Last year, when blocked arteries landed Syed Abdul Qadri, 68, in Jackson Memorial Hospital, the public facility was struggling with some tough statistics: One in four of its heart patients was being readmitted within 30 days, a performance that put Jackson in the bottom quarter of hospitals in America.
The hospital steered Qadri into a pilot program aimed at reducing hospital readmissions through follow-up care — a concept that’s a forerunner of a major medical revolution coming to American healthcare.
In this new healthcare world prompted by national healthcare reforms, systems like Jackson will be held accountable for patients’ care even after they leave the hospital, a restructuring that will push doctors, hospitals, home healthcare agencies and others to work together in new organizations to improve patient care — or suffer financial penalties.
In Qadri’s case, a nurse visited his home in South Miami-Dade to make sure he filled his prescriptions, bought the proper medications for his heart and understood the importance of diet. She left him 10 frozen healthy meals, an improvement on the “spicy and greasy food I usually eat,” he said. The nurse promised to check in with him regularly to see how he was doing and provide more meals, he said.
A model of care that doesn’t stop when a patient leaves the hospital is one of the new ideas now shaping America’s healthcare future. And though Qadri’s case later became complicated by a heart attack, his experience offers lessons on some of the pluses and minuses the new system may offer.
At present, providers are paid on an à la carte basis — each test, each hospital admission is paid individually. The more tests, the more hospitalizations, the higher the pay for providers.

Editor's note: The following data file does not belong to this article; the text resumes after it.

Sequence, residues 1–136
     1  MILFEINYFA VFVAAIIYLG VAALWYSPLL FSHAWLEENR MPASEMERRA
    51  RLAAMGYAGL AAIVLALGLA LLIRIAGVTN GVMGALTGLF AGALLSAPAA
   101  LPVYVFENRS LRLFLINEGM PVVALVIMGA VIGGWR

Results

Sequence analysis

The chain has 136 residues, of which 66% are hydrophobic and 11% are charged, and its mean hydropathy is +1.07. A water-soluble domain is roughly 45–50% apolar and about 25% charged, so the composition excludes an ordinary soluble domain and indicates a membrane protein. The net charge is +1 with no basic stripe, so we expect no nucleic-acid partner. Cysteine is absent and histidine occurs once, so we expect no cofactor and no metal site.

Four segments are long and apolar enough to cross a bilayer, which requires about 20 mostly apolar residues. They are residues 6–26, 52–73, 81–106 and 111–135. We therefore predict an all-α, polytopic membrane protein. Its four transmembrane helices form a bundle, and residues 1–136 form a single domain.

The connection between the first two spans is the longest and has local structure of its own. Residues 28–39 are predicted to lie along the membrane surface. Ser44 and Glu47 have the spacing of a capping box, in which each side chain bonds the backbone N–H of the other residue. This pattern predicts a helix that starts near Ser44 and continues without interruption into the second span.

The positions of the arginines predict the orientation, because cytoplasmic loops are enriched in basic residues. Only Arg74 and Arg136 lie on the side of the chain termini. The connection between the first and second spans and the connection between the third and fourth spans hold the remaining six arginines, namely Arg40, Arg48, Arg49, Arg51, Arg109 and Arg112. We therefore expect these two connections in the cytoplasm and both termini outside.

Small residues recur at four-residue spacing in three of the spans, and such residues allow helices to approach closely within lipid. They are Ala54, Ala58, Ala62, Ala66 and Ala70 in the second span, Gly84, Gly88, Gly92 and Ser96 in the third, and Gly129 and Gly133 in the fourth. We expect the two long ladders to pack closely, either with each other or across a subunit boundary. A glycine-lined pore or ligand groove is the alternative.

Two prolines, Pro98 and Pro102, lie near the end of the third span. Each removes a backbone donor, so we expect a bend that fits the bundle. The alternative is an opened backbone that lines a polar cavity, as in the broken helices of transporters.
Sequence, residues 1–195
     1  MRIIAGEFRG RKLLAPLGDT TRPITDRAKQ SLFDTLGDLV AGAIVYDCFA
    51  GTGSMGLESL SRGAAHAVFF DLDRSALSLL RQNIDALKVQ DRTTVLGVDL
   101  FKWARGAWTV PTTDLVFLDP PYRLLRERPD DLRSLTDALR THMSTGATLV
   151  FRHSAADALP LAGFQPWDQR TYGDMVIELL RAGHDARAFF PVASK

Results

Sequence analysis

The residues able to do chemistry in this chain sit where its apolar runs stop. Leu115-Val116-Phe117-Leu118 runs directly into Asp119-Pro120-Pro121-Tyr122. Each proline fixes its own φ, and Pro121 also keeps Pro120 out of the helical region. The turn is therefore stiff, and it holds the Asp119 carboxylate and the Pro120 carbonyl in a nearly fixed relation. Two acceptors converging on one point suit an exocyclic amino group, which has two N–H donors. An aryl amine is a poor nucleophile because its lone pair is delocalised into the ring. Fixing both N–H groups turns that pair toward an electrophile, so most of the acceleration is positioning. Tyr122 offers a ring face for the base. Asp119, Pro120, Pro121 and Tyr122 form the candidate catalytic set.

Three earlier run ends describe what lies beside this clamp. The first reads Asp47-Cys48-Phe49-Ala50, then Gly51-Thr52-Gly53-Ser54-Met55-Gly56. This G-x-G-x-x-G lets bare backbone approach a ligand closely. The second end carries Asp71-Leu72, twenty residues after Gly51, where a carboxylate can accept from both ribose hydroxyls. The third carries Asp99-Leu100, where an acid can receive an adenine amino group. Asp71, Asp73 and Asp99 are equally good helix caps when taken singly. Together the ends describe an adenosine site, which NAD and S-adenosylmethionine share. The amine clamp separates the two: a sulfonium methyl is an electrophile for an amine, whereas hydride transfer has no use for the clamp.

That will change starting next year when the healthcare reform act will start to favor groups of hospitals, doctors and others who band together into accountable care organizations, or ACOs, that will be rewarded for good outcomes of patients and penalized for bad outcomes. The penalty: If too many patients return within 30 days to a hospital, Medicare will penalize the facility by reducing its reimbursement rate by 1 percent starting in 2013 and by 3 percent in 2015, says Steven Ullmann, a health policy professor at the University of Miami.
Ullmann and other healthcare experts are convinced that where Medicare leads, commercial insurers will follow, joining the push toward ACOs. “It’s a wave that’s occurring,” Ullmann says. “You’re starting to see the preliminary adjustment going on. The jury is still out on how much it’s going to do.”
The wave is already influencing some areas of healthcare. Baptist Health South Florida has hired 80 doctors, at least in part to be ready for the ACO days. Elsewhere in the country, health insurers like Humana and Cigna are buying up physician practices for the same reason – a move that has massive implications.
Medicare is now forming regulations for the ACOs, which could be owned by one entity (such as a hospital) or be a network of independent doctors and facilities working together. With the stakes so high, hospitals, doctors, insurers and many others are objecting to the proposed regulations, some of which will kick in next year, as they seek the best possible deal for themselves.
“The rules are likely to change,” says Mike Segal, a healthcare specialist at Broad and Cassel, a Florida law firm. “Every trade organization is trashing them.”
But even if the objections lead to the courts killing healthcare reform, Segal says, that won’t stop the ACO trend: “It’s not going away. The idea of providing better quality care at lower cost through collaboration is here to stay. Fee-for-service as we know it is an endangered species.”
Current proposals envision ACOs starting out with the more traditional fee-for-service model – a separate payment for each service performed – but Ullmann says that’s only because Washington doesn’t want to stack on too many reforms all at once.
Eventually, Ullmann and most other healthcare experts believe, payments to ACOs will be “bundled,” meaning that the group of providers will receive a lump sum for handling “an episode of care,” such as a heart attack, rather than for each separate service to treat the heart attack. Another approach would be for the ACO to be paid to cover a year’s worth of care for a person, whether the person gets sick or not.